But if Microsoft put a dedicated programming team together and told them to build a legitimate security suite and keep that suite updated, then I can see Windows losing some of its “virus and malware” reputation.
At the same time, we wouldn’t need to install low-quality third-party scanners that try to upsell you on something you don’t need.
4) Embrace the beauty of 4K
4K is entering the mainstream at a surprising speed. Microsoft would be smart to embrace 4K with loving arms. After all, 4K monitors will probably be the most popular type of monitor before Windows 9 reaches the end of its life cycle.
Unfortunately, on Windows 8, Microsoft has not done a great job of embracing 4K. It’s just too much resolution for the OS – and most software programs – to handle. The scaling is fuzzy and blurry. If you just paid over $1,000 for a 4K display, then the last thing you want is a fuzzy, blurry screen.
Fix the scaling problems, Microsoft, and give higher-end users some bonus options today. After all, this year’s high-end consumers with 4K monitors are next year’s mid-range consumers.
3) Make the Windows App Store the best it can be
The Windows App Store has come a long ways from its first foray onto the internet. But it’s still far from perfect. There are lots of junky, ad-filled programs on the store and some of the bigger companies have refused to develop apps for Microsoft.
To make matters worse, Mozilla recently deleted the Windows 8 Firefox app from the Windows App Store.
Clean up the junk apps, use some of the cash to build legitimate Windows apps. And keep pushing until your app store matches up well against your competitors.
There’s also rumors of unifying Microsoft apps across Microsoft operating systems. So the apps you download on Xbox One could also be downloaded on Windows 9 for a seamless experience. That sounds awesome.
2) Cool voice communications
I want to be able to talk to my PC. And sure, it would be pretty cool if that voice assistant also had the silky smooth voice of Cortana from Halo.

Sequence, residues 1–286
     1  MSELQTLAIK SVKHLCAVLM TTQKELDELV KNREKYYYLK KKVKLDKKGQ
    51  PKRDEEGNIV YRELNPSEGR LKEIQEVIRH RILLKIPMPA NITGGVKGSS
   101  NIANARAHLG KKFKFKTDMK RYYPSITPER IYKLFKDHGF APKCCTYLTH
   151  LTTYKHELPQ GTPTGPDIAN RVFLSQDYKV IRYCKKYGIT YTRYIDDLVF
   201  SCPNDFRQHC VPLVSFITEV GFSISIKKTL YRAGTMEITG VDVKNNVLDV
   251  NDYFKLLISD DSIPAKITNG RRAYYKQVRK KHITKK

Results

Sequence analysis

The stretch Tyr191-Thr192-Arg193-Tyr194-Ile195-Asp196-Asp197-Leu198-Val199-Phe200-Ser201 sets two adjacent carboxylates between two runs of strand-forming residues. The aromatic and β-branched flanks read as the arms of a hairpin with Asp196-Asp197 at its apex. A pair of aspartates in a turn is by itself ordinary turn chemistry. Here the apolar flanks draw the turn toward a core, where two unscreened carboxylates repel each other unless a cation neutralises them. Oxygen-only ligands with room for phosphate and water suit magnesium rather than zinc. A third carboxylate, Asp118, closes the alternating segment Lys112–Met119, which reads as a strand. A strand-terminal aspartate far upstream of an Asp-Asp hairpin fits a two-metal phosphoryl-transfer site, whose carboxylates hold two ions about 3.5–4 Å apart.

That’s why I’m fully on-board with whatever voice activation gimmicks Microsoft wants to pull with Windows 9. I want voice commands like:
“Cortana, open iTunes and play some Eminem”
“Cortana, let’s play some Civilization V”
“Cortana, can you turn on my Xbox One so I don’t have to talk to my Xbox One when I walk to my living room?”
“Cortana, tell me a sexy joke”
I’m going to be honest: I hate talking to my smartphone when I’m out in public. Most people also hate talking to their smartphones because most people look really dumb while doing it.
But in the privacy of my own home, I would be perfectly okay with Cortana keeping me company on those long, cold Saturday nights alone.
1) Give us some good upgrade incentives
Microsoft, we’ve been through a lot of crap from you over the past few years. Sure, the hatred towards Windows 8 wasn’t totally deserved (it wasn’t as bad as ME or Vista, especially after the first few patches). But still, as your loyal customers, you should probably throw us a bone.
I don’t want Windows for free because that’s very unlikely to happen. What I do want is an attractive upgrade offer that makes me want to download Windows 9 to replace Windows 7 the moment it’s released.
If you can do that, I’m on board. But if you expect me to pay more than, say, $60 or $70 to upgrade to your new OS, I’m sticking with Windows 7 for a few more years.